Crazy Faith Ministries
When the president-elect was running for office, he frequently said something to the effect that he didn’t want everybody to know what he would do in certain situations or how he was thinking.
That was an understatement.
This incoming president seems to major in creating an aura of uncertainty so that nobody, not even, it seems, those who are closest to him, knows what he will do or what he is really thinking.
The uncertainty about almost everything that will affect Americans and the world is troubling and unsettling. Nobody can “call” what the next step will be; nobody knows what this new president is all about, not when it comes to policy and having the best interests of Americans in mind.
And yet, there is power in uncertainty. To be honest, Americans have never had “certainty” when it has come to government and its policies. Politicians say what they must in order to win elections, but once in office, often change course. Sometimes the change comes because they learn things they didn’t know before, and promises they made cannot be kept, but sometimes, the change comes because they never intended to keep those campaign promises. A campaign is not an honest endeavor, and neither is government.
The uncertainty we face now is daunting. We have a president-elect who is so narcissistic that even now, as his inauguration looms ever closer, he is more concerned with tweeting his opinions and emotions than with dealing with the issues in front of him. He is antagonizing the United States security forces and buddying up to Vladimir Putin, who may well be America’s greatest enemy, a man who seems to be playing our president-elect like a fiddle. We have a Republican-controlled Congress and Senate, filled with people who, it seems, do not care about the poor, about women, or about America’s marginalized; we are not sure if we will have Medicare or Medicaid; we are not sure if Planned Parenthood, which provides health care to the poor, will be defunded, we are not sure if millions of people who got health care under the Affordable Care Act will have health care by the time the GOP is finished repealing that law. We are not sure if the voting rights of African Americans, put in place by the Voting Rights Act of 1965, will be completely or nearly completely abrogated by the GOP.
There are so many vital issues that affect the 99 percent of Americans who are not wealthy, who are not male, White and Protestant, and too many of whom can barely exist, that seem to be outside the scope of interest and concern of the GOP and the incoming president. The cloud of uncertainty is hovering low.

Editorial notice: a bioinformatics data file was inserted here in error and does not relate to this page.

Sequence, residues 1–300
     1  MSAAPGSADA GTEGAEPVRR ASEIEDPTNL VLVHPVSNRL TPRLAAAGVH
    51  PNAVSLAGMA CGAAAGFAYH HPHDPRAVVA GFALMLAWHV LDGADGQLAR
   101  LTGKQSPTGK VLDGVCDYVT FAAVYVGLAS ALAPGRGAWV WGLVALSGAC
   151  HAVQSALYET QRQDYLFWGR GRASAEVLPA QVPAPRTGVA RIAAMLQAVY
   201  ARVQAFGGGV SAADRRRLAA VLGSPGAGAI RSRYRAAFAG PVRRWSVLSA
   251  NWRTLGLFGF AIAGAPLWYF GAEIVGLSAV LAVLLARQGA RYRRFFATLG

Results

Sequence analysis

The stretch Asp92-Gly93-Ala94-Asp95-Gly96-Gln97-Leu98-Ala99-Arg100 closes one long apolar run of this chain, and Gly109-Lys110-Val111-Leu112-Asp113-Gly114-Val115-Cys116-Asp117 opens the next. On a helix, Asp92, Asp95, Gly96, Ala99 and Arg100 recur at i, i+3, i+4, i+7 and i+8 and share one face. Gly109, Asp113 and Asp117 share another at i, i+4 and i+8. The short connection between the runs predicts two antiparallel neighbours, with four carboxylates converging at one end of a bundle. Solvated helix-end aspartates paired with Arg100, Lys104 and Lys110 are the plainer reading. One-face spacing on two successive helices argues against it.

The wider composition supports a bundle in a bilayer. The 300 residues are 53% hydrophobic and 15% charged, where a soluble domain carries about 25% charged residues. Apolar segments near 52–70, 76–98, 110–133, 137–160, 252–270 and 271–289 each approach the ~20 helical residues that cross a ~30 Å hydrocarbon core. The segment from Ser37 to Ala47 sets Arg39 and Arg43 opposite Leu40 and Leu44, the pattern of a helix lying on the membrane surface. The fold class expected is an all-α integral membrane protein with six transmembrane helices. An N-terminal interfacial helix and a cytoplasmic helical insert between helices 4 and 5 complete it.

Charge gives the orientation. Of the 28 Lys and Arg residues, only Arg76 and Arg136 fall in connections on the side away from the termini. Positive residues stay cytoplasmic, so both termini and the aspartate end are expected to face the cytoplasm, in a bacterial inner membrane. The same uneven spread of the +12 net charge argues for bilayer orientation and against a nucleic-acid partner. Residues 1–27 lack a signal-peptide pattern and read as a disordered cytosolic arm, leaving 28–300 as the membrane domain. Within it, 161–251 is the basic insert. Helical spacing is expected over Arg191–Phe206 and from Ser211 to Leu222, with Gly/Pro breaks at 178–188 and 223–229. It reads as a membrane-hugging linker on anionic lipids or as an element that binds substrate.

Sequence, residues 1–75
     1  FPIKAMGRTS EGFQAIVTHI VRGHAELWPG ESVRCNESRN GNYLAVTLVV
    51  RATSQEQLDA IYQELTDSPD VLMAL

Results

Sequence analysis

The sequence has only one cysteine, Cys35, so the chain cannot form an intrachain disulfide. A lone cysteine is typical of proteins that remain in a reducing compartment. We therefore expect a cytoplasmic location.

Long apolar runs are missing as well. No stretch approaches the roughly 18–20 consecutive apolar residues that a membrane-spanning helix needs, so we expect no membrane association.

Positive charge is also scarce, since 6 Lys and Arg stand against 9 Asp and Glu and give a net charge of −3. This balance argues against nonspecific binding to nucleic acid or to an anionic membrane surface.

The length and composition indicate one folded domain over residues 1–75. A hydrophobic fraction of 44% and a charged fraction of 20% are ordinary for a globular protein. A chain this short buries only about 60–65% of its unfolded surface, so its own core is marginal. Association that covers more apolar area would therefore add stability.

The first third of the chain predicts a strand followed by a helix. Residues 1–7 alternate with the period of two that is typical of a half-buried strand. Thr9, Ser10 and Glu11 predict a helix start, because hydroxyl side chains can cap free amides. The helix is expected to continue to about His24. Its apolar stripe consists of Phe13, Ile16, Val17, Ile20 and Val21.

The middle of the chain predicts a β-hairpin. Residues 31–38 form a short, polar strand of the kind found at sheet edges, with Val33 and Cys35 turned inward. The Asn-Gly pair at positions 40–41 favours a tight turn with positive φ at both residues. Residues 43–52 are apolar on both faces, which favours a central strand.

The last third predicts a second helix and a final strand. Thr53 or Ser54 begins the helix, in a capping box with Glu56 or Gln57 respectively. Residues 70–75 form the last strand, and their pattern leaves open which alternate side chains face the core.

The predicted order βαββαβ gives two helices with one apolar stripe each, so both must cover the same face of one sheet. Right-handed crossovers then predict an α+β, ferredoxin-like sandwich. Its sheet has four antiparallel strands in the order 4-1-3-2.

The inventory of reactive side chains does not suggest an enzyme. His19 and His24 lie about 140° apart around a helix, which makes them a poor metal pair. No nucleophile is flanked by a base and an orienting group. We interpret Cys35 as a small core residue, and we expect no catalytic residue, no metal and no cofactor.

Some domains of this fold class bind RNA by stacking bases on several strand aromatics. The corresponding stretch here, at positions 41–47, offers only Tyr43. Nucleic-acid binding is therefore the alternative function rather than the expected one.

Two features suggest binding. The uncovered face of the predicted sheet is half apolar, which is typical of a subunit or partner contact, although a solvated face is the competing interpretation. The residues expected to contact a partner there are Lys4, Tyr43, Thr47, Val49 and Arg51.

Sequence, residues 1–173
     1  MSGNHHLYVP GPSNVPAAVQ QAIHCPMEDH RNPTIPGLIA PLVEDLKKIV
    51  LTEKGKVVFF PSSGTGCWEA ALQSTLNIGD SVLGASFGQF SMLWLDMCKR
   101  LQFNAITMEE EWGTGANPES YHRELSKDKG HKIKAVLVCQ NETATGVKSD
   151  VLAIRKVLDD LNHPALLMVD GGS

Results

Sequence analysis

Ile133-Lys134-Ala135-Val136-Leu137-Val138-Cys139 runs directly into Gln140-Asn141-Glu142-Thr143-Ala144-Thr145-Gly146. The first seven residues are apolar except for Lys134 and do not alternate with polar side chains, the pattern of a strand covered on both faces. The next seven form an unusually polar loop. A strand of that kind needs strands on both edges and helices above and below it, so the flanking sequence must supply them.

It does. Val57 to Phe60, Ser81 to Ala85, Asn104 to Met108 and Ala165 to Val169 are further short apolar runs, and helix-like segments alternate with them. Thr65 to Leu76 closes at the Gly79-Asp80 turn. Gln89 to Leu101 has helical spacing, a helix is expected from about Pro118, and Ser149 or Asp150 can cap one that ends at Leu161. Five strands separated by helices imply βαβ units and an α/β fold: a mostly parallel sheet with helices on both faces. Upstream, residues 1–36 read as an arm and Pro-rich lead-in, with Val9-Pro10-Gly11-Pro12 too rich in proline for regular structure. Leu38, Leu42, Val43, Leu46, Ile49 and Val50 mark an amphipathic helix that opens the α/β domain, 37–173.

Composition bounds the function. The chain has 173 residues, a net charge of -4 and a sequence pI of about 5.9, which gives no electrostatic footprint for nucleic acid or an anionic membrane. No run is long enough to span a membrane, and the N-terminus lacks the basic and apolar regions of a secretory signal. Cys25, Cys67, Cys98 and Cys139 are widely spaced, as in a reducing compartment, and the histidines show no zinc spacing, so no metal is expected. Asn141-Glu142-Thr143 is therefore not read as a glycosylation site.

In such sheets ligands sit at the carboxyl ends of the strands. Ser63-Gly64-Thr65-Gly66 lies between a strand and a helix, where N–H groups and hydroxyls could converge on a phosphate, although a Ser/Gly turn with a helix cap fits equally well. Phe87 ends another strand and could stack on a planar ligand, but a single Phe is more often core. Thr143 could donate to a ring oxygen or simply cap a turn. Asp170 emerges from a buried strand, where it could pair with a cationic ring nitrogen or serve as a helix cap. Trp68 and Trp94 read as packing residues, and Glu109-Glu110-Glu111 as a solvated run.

And yet, African Americans have lived with uncertainty from the time we were brought to the New World, and we have never let it stop us. We live in hope, we inhale hope, we believe in hope, which, as Paolo Friere wrote in Pedagogy of Hope, is necessary in order for us even to begin the struggle for justice. He said that “without the struggle, hope dissipates, loses its bearings and turns to hopelessness. And hopelessness can turn to tragic despair.”
One of the best qualities about being African Americans is that we know uncertainty. We know darkness. We know about what a “dark night of the soul” feels like, and yet, we have never stopped working to get to the light. We have learned to push ourselves to stand up when we have been forced down. We have grabbed hold to the slightest threads and with our hope, have turned thin threads into hardy ropes which we have used to help us climb out of darkness and away from despair.
We are that kind of people.
And so, even as we watch and listen to what is going on now as this new president moves into power, we are equipped and we have the power to hold on until the winds of this storm pass. We will get through this.
It is our legacy as African Americans. We cannot afford to forget that. No uncertainty is greater than our capacity to hope. And at the end of the day, when the current administration has wreaked havoc, causing many to despair, we will still be standing, still struggling, still moving in our hope toward the rights and dignity which are ours.
Dr. Susan K Smith is founder/director of Crazy Faith Ministries, and is also communications consultant for the Samuel DeWitt Proctor Conference Inc. She is available for preaching and teaching. Contact her at firstname.lastname@example.org.